Texas Causes of Action & Affirmative Defenses

Texas Causes of Action & Affirmative Defenses

Need a little legal ammo? Search for caselaw on legal theories and defenses here:

Thursday, May 3, 2012

Inverse Condemnation Claim – The intentional act element

“Inverse condemnation occurs when (1) a property owner seeks (2) compensation for (3) property taken for public use (4) without process or a proper condemnation proceeding.”  City of Houston v. Norcini, 317 S.W.3d 287, 292 (Tex. App.—Houston [1st Dist.] 2009, pet. denied) (quoting Villarreal v. Harris Cnty., 226 S.W.3d 537, 541 (Tex. App.—Houston [1st Dist.] 2006, no pet.)); see City of Abilene v. Burk Royalty Co., 470 S.W.2d 643, 646 (Tex. 1971). 
To state a cause of action for inverse condemnation under the Texas constitution, a plaintiff must allege (1) an intentional governmental act; (2) that resulted in his property being taken, damaged, or destroyed; (3) for public use.  Gen. Servs. Comm’n, 39 S.W.3d at 598.
SOURCE: EASTLAND COURT OF APPEALS - 11-11-00137-CV – 5/3/2012
The City asserts that appellee failed to allege facts that show an intentional act of the City.  If the government knows that specific damage is substantially certain to result from its conduct, then takings liability may arise even when the government did not particularly desire the property to be damaged.  Jennings, 142 S.W.3d at 314.  Thus, when a governmental entity physically damages private property in order to confer a public benefit, that entity may be liable under Article I, section 17 if it (1) knows that a specific act is causing identifiable harm or (2) knows that the specific property damage is substantially certain to result from an authorized government action—that is, that the damage is “necessarily an incident to, or necessarily a consequential result of” the government’s action.  Tex. Highway Dep’t v. Weber, 219 S.W.2d 70, 71 (Tex. 1949); accord Tarrant Reg’l Water Dist. v. Gragg, 151 S.W.3d 546, 555 (Tex. 2004).

Appellee alleged that the City inspector knew she had a leak inside her property; her pleadings state that an inspector initially found only one leak, and it was inside appellee’s property at the toilet cutoff.  Appellee also alleged that she told the City that she was still being billed for water usage and that, at some point, the City replaced a pipe in the alley on the outside of her property.  Her pleadings describe a leak, in addition to the one inside her property, that the City admitted was “in their plumbing.”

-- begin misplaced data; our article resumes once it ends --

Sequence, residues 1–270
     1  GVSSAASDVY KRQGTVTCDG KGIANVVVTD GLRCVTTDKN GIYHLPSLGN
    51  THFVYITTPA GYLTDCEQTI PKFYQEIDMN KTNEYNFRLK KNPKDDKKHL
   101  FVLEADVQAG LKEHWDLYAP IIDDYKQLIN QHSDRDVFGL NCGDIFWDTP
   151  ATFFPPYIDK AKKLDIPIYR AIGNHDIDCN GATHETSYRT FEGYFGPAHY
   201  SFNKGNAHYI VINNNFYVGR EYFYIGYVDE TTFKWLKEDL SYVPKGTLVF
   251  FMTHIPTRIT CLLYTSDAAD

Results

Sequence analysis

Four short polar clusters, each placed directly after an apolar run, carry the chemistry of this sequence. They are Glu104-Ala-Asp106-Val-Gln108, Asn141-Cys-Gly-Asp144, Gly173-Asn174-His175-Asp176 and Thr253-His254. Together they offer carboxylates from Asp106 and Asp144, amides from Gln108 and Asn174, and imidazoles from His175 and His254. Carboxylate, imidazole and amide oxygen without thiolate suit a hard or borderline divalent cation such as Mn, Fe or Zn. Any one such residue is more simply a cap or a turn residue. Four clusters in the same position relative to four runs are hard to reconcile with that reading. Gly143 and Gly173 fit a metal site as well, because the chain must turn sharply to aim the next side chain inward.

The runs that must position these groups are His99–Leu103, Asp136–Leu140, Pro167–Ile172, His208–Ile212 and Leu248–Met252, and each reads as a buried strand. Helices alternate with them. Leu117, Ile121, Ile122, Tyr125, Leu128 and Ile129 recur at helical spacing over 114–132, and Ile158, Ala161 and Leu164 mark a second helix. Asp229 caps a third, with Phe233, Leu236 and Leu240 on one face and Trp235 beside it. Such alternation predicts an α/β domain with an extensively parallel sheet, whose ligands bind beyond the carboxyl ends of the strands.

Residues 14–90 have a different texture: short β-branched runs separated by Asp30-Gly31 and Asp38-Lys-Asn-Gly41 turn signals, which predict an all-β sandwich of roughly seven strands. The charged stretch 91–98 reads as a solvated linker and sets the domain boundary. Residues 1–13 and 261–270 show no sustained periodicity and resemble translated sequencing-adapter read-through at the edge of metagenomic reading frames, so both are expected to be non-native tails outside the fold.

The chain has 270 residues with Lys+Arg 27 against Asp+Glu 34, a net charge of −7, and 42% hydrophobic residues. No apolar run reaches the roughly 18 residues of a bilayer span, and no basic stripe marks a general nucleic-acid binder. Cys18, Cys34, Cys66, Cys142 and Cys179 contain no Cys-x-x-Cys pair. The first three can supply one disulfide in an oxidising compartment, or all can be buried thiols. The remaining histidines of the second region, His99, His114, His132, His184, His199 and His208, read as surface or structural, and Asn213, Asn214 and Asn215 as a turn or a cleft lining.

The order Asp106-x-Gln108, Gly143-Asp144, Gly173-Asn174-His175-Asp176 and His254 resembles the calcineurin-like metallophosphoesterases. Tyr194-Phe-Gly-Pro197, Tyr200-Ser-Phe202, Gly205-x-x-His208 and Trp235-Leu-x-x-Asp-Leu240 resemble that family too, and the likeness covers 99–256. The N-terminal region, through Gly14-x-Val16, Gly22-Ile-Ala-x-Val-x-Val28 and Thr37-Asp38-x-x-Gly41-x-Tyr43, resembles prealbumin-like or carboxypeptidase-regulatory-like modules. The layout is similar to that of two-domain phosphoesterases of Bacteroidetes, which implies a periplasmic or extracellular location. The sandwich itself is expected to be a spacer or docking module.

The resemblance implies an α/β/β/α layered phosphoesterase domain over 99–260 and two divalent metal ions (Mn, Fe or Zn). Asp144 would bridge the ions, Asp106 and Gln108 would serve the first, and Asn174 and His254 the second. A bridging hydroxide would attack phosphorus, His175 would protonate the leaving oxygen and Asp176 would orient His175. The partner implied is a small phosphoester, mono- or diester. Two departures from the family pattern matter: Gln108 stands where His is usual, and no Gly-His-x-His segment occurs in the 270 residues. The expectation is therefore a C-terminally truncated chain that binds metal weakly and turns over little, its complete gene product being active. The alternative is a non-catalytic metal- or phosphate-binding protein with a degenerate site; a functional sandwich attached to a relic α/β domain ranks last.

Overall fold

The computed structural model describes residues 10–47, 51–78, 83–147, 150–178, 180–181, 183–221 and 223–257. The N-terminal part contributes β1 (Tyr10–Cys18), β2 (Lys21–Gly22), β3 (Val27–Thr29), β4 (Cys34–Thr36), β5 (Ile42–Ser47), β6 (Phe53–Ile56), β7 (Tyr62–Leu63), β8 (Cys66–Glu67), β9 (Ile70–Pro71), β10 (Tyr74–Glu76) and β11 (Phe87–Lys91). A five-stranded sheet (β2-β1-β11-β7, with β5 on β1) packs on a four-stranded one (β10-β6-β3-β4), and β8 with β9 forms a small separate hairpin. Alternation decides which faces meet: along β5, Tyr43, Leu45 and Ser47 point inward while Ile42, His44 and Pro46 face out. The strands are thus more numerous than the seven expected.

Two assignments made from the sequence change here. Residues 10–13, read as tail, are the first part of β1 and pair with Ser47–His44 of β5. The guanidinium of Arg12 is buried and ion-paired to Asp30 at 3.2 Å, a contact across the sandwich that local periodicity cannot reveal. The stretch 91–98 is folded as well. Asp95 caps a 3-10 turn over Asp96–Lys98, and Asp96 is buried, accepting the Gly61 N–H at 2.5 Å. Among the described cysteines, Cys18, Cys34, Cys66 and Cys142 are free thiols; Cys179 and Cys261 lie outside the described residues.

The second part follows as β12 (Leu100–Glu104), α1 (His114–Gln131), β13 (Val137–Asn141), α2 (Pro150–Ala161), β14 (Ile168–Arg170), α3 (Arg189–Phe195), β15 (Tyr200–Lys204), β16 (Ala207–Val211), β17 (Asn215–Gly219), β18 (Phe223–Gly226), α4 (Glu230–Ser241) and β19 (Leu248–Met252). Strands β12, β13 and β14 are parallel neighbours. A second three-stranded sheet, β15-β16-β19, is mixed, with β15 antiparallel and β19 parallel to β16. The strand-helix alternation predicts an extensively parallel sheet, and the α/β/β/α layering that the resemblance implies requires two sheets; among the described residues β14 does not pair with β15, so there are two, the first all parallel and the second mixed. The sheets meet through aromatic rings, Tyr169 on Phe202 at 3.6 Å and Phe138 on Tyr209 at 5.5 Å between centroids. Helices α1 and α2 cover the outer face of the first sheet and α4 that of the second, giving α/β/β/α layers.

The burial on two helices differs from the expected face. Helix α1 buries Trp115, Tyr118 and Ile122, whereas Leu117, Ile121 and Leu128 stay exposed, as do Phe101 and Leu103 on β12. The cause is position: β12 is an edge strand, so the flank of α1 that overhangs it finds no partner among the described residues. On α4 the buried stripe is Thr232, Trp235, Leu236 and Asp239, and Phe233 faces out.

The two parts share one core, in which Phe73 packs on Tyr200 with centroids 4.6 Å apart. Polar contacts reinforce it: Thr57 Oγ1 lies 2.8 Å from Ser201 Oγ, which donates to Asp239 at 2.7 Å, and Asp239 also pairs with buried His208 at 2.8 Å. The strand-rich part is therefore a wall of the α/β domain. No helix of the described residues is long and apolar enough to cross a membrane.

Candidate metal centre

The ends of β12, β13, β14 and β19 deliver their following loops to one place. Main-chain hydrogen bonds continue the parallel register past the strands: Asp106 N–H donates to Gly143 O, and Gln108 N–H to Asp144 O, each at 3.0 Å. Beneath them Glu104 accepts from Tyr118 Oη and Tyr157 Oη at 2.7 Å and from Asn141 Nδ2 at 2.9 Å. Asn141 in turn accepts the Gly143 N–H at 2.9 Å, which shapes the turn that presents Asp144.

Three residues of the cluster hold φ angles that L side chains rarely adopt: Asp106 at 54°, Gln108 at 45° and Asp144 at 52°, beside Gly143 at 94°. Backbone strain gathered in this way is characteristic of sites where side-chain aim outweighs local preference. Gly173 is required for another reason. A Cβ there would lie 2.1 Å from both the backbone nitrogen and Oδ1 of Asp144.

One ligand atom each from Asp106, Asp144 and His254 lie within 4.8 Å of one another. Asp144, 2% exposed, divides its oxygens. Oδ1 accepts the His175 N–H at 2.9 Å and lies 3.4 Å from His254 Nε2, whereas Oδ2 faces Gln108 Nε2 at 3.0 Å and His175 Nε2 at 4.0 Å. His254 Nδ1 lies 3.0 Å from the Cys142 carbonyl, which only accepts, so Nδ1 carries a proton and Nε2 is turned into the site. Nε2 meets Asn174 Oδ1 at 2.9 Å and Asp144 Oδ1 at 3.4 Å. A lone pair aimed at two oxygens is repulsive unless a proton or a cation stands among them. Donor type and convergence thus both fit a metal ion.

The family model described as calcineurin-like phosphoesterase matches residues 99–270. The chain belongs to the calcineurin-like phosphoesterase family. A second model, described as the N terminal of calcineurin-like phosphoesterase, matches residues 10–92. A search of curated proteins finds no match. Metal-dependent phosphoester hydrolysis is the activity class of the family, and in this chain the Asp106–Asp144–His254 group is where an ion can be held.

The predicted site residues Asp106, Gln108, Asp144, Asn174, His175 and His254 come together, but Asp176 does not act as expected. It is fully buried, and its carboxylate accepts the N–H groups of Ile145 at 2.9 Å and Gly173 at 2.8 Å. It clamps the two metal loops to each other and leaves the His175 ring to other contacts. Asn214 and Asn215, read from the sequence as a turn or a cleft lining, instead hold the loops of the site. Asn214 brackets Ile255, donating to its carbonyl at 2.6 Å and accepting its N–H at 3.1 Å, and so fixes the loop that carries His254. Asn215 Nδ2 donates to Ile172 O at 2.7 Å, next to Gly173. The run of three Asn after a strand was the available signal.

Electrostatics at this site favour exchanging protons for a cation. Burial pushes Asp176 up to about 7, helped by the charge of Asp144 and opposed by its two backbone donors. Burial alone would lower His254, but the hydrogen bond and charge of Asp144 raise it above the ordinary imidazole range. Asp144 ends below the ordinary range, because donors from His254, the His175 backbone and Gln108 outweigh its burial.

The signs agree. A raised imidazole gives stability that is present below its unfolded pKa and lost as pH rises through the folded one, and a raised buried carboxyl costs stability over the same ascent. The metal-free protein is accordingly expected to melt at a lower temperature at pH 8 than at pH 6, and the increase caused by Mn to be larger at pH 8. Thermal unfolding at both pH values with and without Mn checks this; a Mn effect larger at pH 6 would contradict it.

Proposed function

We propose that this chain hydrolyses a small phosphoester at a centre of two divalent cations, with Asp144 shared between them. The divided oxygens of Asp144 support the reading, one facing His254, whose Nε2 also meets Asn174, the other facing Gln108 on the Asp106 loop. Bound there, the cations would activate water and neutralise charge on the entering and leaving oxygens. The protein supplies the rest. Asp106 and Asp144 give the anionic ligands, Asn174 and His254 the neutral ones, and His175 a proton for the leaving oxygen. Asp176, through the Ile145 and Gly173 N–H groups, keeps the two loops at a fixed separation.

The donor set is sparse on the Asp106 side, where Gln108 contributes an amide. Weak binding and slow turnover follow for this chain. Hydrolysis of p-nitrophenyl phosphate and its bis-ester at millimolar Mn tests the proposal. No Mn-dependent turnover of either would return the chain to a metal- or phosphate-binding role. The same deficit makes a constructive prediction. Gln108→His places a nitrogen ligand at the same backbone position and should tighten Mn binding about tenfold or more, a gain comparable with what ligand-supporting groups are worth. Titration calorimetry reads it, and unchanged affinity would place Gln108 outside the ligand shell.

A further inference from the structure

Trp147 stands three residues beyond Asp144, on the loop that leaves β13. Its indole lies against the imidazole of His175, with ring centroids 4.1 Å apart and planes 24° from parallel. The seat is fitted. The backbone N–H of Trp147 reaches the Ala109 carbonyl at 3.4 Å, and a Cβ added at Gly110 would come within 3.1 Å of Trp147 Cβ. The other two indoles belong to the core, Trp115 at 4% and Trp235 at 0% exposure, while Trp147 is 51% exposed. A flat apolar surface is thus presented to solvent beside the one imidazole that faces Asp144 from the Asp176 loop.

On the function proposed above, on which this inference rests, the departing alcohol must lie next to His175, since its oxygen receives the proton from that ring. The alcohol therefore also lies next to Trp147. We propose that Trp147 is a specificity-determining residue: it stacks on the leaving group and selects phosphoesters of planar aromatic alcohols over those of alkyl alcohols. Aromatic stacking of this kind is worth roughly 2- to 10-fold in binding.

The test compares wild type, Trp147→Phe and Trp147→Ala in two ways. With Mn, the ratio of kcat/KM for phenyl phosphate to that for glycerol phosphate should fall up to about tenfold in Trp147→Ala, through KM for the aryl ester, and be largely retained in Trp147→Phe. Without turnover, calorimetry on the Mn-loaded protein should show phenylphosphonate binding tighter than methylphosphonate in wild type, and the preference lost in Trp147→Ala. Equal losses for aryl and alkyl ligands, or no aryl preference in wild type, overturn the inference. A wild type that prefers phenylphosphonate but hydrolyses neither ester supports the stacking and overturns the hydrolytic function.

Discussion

However, appellee has not alleged that the City took a specific action that it knew was substantially certain to result in specific property damage to her property.  Appellee does not explain, in relation to when her property was damaged, when the repair to the leak in the alley was made or when her calls to the City were made.  Appellee did not live at the property in question and did not discover the damage until after its occurrence, and her pleadings did not state with any specificity when or how the damage was alleged to have occurred.  Her claim that the City’s representatives knowingly misrepresented facts about the existence of a leak or about checking the property is, thus, unsupported by factual allegations.

Taken as true, all that appellee’s pleadings establish is that there was a leak at some point in the City’s plumbing and that, at some point, the City repaired it. Appellee did not allege that the City intentionally caused the leak.  At most, the City’s actions in discovering and repairing the leak were negligent.  See Coyne v. Kaufman Cnty., 144 S.W.3d 129, 135 (Tex. App.—Eastland 2004, no pet.) (“An allegation that a person or entity failed to undertake an act it should have taken constitutes an allegation of negligent conduct.”).  Viewed in the light most favorable to appellee, the pleadings fail to allege an intentional act of the City rising to the level required to maintain a claim for inverse condemnation.  The trial court erred when it denied the City’s plea to the jurisdiction as it pertained to the inverse condemnation claim.  The City’s first issue on appeal is sustained.  If the exaction claim is a takings claim as argued by appellee, then for the same reasons (in addition to the ones earlier stated when we discussed a constitutional exactions case), we sustain the City’s Issue No. 3.   

SOURCE: EASTLAND COURT OF APPEALS - 11-11-00137-CV – 5/3/2012